Results: Various serum proteins were found to be selectively adsorbed on the surface of the bacterial magnetosomes following plasma exposure, forming a corona. Compared to the pristine magnetosomes, the acquired corona promoted efficient cellular uptake by human vascular endothelial cells. Using a protein-interaction prediction method, we identified cell surface receptors that could potentially associate with abundant corona components. Of these, one abundant corona protein, ApoE, may be responsible for internalization of the magnetosome-corona complex through LDL receptor-mediated internalization.

Conclusion: Our findings provide clues as to the physiological response to magnetosomes and also reveal the corona composition of this membrane-coated nanomaterial after exposure to blood plasma.
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http://dx.doi.org/10.2147/IJN.S220082DOI Listing
http://www.ncbi.nlm.nih.gov/pmc/articles/PMC7065717PMC
May 2020

Peptosome Coadministration Improves Nanoparticle Delivery to Tumors through NRP1-Mediated Co-Endocytosis.

Biomolecules 2019 05 5;9(5). Epub 2019 May 5.

CAS Key Laboratory for Biomedical Effects of Nanomaterials & Nanosafety, National Center for Nanoscience and Technology, Beijing 100190, China.

Improving the efficacy of nanoparticles (NPs) delivery to tumors is critical for cancer diagnosis and therapy. In our previous work, amphiphilic peptide APPA self-assembled nanocarriers were designed and constructed for cargo delivery to tumors with high efficiency. In this study, we explore the use of APPA self-assembled peptosomes as a nanoparticle adjuvant to enhance the delivery of nanoparticles and antibodies to integrin αvβ3 and neuropilin-1 (NRP1) positive tumors. The enhanced tumor delivery of coadministered NPs was confirmed by better magnetosome (Mag)-based T-weighted magnetic resonance imaging (MRI), liposome-based fluorescence imaging, as well as the improved anti-tumor efficacy of monoclonal antibodies (trastuzumab in this case) and doxorubicin (DOX)-containing liposomes. Interestingly, the improvement is most significant for the delivering of compounds that have active or passive tumor targeting ability, such as antibodies or NPs that have enhanced permeability and retention (EPR) effect. However, for non-targeting small molecules, the effect is not significant. In vitro and in vivo studies suggest that both peptosomes and the coadministered compounds might be internalized into cells through a NRP1 mediated co-endocytosis (CoE) pathway. The improved delivery of coadministered NPs and antibodies to tumors suggests that the coadministration with APPA self-assembled peptosomes could be a valuable approach for advancing αvβ3 and NRP1 positive tumors diagnosis and therapy.
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http://dx.doi.org/10.3390/biom9050172DOI Listing
http://www.ncbi.nlm.nih.gov/pmc/articles/PMC6572427PMC
May 2019

Proteomic profiling of RAW264.7 macrophage cells exposed to graphene oxide: insights into acute cellular responses.

Nanotoxicology 2019 02 17;13(1):35-49. Epub 2019 Jan 17.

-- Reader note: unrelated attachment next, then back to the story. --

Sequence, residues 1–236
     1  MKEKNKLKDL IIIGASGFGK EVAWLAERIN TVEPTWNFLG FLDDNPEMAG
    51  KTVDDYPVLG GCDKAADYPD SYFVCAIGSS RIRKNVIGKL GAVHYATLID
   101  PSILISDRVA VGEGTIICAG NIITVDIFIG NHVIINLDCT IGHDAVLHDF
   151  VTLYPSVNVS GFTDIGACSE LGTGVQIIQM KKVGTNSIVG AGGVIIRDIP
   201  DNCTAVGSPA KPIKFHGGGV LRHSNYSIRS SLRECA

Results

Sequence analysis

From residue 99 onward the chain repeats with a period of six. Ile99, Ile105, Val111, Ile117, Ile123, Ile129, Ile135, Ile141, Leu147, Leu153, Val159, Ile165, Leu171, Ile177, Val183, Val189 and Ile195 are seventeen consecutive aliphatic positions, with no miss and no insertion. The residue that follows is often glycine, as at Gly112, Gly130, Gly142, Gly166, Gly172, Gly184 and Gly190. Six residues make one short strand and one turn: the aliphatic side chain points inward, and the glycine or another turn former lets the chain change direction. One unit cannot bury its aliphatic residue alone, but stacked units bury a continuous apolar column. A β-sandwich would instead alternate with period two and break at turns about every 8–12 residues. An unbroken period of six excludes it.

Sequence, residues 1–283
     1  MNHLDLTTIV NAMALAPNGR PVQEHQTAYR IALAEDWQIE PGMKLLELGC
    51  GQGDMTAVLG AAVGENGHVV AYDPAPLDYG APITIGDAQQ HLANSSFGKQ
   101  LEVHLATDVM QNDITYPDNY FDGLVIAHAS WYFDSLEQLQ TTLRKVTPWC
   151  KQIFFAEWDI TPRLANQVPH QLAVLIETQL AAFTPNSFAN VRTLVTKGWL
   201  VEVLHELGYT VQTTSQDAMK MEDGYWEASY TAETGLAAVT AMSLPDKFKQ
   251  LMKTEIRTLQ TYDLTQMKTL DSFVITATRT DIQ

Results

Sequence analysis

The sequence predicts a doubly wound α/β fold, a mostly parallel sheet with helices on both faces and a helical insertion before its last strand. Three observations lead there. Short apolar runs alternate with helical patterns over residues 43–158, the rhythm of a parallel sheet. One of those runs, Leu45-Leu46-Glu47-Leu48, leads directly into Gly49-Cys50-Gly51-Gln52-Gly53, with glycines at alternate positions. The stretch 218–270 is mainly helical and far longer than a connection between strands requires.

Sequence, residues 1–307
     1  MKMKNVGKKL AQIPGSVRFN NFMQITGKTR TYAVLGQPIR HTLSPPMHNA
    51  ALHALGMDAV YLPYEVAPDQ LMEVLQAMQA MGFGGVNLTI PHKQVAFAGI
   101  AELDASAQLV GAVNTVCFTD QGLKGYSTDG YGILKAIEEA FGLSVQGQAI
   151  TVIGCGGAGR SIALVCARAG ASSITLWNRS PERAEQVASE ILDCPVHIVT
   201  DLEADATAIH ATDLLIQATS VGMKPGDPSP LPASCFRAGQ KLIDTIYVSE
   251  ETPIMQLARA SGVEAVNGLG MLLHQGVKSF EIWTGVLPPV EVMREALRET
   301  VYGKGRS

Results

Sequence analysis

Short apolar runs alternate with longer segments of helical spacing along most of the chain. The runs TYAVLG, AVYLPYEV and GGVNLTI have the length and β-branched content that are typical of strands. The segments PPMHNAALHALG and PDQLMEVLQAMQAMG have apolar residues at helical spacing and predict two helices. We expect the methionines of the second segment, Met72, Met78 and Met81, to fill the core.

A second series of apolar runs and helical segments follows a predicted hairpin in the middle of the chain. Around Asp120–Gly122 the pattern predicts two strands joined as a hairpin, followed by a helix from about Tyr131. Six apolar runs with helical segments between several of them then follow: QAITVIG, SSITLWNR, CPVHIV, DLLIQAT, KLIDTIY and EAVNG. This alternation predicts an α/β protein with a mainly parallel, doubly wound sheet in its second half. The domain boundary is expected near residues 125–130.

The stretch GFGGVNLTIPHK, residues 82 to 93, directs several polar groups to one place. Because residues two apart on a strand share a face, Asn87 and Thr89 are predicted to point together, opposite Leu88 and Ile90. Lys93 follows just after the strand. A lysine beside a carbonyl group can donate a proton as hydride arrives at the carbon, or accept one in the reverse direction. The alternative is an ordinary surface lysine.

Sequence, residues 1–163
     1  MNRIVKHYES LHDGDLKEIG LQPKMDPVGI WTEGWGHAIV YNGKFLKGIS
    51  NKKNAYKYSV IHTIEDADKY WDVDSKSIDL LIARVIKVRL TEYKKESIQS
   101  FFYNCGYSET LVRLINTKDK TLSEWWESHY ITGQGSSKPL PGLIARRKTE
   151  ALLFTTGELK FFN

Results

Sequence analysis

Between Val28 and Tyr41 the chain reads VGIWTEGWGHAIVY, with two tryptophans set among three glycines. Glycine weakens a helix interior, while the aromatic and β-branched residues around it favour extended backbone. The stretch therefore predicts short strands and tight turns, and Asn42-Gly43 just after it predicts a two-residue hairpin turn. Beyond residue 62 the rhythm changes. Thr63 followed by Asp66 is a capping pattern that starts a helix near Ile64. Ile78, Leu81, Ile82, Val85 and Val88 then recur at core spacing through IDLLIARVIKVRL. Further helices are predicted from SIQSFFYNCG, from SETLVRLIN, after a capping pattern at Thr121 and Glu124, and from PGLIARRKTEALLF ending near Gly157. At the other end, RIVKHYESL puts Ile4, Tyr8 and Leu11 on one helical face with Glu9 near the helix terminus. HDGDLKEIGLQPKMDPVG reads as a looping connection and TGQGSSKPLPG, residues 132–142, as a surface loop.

a CAS Key Laboratory for Biomedical Effects of Nanomaterials & Nanosafety , CAS Center for Excellence in Nanoscience, National Center for Nanoscience and Technology , Beijing , China.

Although the toxicity and molecular mechanisms of graphene oxide (GO) have been reported for several cell types, no proteomic study of GO has yet been conducted on macrophage cells. In this study, we used proteomics based on stable isotope labeling with amino acids in cell culture (SILAC) to quantify the proteomic changes in macrophage RAW 264.7 cells following GO treatment. We found 73 proteins that were significantly dysregulated after GO treatment. The down-regulated proteins included many ribosomal subunit proteins, indicating that GO affected cell growth. The most elevated proteins were lipoprotein lipase (LPL) and lysozyme 1 (LYZ1) which have not been reported before, and both can be used as candidate markers for GO exposure. Further enrichment analysis of the up-regulated proteins indicated these proteins are associated with the integrin complex and membrane rafts, as well as with two signal pathways: the phagosome and steroid biosynthesis pathways. We confirmed a GO concentration-dependent increase in membrane rafts and the production of phagosomes. GO exposure also induced necrotic cell death and an inflammation response in RAW 264.7 cells. We also observed an increase in the oxidative stress response (ROS) and autophagy, and the results suggest that ROS induced autophagy by the ROS-NRF2-P62 pathway.
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http://dx.doi.org/10.1080/17435390.2018.1530389DOI Listing
February 2019

Peptide probes derived from pertuzumab by molecular dynamics modeling for HER2 positive tumor imaging.

PLoS Comput Biol 2017 Apr 13;13(4):e1005441. Epub 2017 Apr 13.

CAS Key Laboratory for Biological Effects of Nanomaterials & Nanosafety, National Center for Nanoscience and Technology, Beijing, China.

A high level of HER2 expression in breast cancer correlates with a higher tumor growth rate, high metastatic potential, and a poor long-term patient survival rate. Pertuzumab, a human monoclonal antibody, can reduce the effect of HER2 overexpression by preventing HER2 dimerization. In this study, a combination protocol of molecular dynamics modeling and MM/GBSA binding free energy calculations was applied to design peptides that interact with HER2 based on the HER2/pertuzumab crystal structure. Based on a β hairpin in pertuzumab from Glu46 to Lys65-which plays a key role in interacting with HER2-mutations were carried out in silico to improve the binding free energy of the hairpin that interacts with the Phe256-Lys314 of the HER2 protein. Combined the use of one-bead-one-compound library screening, among all the mutations, a peptide (58F63Y) with the lowest binding free energy was confirmed experimentally to have the highest affinity, and it may be used as a new probe in diagnosing and treating HER2-positive breast cancer.